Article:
Katana Splatter Combo is a solo project of Nikos Tsamasiros who hails from Athens, Greece. This is a look at his newly-released debut EP titled Risky Island, which is a visceral combination of math-tinged experimental rock and instrumental hardcore, composed entirely in MIDI sounds.
As you can tell by the considered approach – thank you once again Robbie for taking the time. If you have a band you just want to review, please feel free to drop me a note to tim @ emergingindiebands.com
Katana Splatter Combo
With those varied elements it would be easy to make the mistake of overcomplicating things and producing a frantic mess. Thankfully, this is not a trap the artist falls into, as each composition contains a nice balance of energies which means no one track outstays its welcome. From the beginning Risky Island proudly bears its homage to video games, with a 24-second “theme” designed to loop on the title screen of the best retro game that was never made. The first “proper” track, Stage 1 – Forest showcases the razor-sharp bite of the heavier influences, with angular and distraught riffs flying thick and fast. I found this track the catchiest off the album, love the way the song begins quietly before launching into the heavy MIDI guitars.
The album continues with Stage 2 – Underwater, which continues the frenetic proceedings with breakneck riffs before calming into a (relatively) relaxed groove, perfect music for the submerged shenanigans of an 8-bit hero.
At this point it would be good to reiterate out how catchy these songs are – these tracks get stuck in my head so easily! The next track is Stage 3 – Sky, a rapid succession of phrases compounded by percussion which would make Zach Hill sweat. In my mind’s eye I can see a level from a Mega Drive game playing out to this song, on some secret base set in the clouds.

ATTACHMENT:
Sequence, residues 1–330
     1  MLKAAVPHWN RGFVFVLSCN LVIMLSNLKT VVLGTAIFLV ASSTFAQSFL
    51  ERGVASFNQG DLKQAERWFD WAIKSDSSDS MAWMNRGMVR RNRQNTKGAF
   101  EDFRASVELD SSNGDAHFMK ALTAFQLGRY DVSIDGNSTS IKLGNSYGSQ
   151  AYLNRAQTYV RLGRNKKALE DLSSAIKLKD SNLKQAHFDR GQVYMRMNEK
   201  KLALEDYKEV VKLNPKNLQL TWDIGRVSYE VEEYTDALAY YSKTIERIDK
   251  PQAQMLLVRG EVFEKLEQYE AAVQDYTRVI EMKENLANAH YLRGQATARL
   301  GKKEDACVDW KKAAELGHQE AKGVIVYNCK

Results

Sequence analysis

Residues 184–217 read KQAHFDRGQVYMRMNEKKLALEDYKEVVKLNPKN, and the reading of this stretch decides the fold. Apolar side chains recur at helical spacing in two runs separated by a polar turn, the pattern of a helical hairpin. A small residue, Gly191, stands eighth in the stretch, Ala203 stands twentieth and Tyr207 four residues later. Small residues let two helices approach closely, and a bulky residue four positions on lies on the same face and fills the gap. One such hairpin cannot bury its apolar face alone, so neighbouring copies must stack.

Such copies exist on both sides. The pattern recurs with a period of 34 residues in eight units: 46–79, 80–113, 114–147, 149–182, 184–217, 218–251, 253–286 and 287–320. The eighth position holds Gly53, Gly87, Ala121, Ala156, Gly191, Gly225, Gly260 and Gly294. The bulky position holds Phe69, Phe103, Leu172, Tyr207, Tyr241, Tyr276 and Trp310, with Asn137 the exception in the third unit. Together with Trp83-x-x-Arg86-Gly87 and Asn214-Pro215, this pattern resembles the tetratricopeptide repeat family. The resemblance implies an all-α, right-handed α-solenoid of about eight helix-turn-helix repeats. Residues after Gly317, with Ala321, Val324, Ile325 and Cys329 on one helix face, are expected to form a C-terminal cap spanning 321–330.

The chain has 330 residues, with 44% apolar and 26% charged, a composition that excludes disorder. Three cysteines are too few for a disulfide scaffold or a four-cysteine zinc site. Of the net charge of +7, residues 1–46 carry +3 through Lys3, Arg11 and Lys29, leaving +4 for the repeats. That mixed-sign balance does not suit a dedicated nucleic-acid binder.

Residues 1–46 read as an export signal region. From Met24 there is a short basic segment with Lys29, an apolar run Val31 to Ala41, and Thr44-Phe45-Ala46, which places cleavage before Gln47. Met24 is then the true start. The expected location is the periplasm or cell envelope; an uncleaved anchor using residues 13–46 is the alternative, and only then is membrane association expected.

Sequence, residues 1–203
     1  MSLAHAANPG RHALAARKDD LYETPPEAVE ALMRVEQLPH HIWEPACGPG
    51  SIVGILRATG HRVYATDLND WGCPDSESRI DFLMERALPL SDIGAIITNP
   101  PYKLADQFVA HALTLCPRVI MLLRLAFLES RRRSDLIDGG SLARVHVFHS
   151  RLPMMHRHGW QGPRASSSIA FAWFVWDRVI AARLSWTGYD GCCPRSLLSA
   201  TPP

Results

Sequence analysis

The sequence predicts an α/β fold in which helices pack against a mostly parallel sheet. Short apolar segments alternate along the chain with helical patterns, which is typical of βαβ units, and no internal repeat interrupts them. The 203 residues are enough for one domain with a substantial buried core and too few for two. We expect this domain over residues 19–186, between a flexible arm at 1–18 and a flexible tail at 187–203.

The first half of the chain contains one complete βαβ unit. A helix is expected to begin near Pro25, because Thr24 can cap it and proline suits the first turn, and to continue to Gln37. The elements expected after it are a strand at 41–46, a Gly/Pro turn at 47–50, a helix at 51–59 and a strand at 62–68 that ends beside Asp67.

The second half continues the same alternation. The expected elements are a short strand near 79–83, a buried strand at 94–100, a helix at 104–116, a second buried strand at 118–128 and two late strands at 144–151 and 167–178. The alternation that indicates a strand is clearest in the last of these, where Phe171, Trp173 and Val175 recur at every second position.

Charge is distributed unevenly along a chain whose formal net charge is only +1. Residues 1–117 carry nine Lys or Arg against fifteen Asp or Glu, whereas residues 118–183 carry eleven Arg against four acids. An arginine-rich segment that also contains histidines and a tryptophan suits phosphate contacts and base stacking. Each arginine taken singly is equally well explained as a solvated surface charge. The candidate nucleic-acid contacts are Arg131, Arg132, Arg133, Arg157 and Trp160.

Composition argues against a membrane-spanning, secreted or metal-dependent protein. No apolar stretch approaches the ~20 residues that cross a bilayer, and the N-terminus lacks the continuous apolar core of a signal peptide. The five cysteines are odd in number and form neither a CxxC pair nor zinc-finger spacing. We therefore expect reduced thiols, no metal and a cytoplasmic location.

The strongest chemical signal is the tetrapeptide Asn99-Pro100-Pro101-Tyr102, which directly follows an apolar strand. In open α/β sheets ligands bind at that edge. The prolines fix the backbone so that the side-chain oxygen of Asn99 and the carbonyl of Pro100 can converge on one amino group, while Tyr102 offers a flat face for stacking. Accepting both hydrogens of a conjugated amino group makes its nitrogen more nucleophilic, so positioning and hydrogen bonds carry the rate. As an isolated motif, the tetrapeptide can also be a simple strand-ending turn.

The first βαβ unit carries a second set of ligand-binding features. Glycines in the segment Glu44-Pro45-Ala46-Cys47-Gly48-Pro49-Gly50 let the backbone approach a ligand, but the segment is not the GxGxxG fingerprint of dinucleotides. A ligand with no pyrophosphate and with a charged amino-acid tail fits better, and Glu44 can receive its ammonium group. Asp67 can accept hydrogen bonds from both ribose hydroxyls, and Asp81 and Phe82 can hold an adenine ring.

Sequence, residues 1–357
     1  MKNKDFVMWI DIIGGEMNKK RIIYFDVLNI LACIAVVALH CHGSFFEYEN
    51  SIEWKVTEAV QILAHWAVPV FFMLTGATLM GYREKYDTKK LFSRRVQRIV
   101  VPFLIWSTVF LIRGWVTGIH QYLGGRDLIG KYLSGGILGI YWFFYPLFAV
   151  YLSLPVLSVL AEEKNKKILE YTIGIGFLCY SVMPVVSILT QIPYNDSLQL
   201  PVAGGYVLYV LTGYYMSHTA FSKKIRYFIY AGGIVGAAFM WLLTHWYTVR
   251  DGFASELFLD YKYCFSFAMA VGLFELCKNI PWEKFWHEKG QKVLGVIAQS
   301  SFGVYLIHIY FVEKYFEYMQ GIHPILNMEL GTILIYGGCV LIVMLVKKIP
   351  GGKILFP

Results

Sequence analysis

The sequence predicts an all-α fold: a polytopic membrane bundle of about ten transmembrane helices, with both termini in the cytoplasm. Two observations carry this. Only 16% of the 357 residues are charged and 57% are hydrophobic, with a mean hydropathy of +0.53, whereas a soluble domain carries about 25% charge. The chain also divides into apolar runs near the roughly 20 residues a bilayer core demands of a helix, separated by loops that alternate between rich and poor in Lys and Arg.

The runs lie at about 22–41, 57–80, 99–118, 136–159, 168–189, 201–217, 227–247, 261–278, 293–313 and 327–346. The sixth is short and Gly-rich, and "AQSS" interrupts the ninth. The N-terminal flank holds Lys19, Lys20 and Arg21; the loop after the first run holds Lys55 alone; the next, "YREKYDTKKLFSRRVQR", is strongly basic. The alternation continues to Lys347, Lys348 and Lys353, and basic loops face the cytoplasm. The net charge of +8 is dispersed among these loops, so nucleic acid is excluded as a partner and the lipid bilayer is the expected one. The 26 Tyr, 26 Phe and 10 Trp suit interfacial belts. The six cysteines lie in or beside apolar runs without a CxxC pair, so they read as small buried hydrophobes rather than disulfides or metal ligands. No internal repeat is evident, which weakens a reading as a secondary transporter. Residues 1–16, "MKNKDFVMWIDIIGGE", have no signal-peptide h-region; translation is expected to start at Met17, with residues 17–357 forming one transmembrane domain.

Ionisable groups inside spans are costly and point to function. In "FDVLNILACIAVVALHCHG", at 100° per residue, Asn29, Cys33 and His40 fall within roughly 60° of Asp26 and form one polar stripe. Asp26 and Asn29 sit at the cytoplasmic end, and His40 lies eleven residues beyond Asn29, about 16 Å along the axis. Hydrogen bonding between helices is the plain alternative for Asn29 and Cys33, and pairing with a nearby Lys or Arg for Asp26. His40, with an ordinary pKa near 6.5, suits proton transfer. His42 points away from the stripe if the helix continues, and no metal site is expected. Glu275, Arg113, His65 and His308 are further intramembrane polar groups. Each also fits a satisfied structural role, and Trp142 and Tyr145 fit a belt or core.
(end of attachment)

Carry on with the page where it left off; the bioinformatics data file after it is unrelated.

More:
Stage 4 – Beach is one song I can’t particularly imagine going well with the typical sun-and-sand coastline imagery, as it’s extremely dark and dissonant. It is however a compelling track which grows into a monster by the end.
Lastly we have Stage 5 – Volcano and Final Boss, the cacophonous finale to this hectic ride. Sustained bass notes play under a series of bouncy lead guitar to lend Risky Island a triumphant conclusion.
I really enjoyed this album, both for the music and the concept. After speaking to the artist his appreciation of bands such as Tera Melos, The Mars Volta and Hella began to show through in the music, though there is plenty of individuality in these compositions. Somehow, the lack of human performativity works well with the frantic musings of its math-rock inspirations, as this kind of music definitely has something robotic about it.
Turning the album into a videogame soundtrack completes this concept, and making it readily available on the internet will broaden its accessibility. Thank you Nikos Tsamasiros for bringing us Katana Splatter Combo and the chaotic statement that is Risky Island, I look forward to future releases from you.
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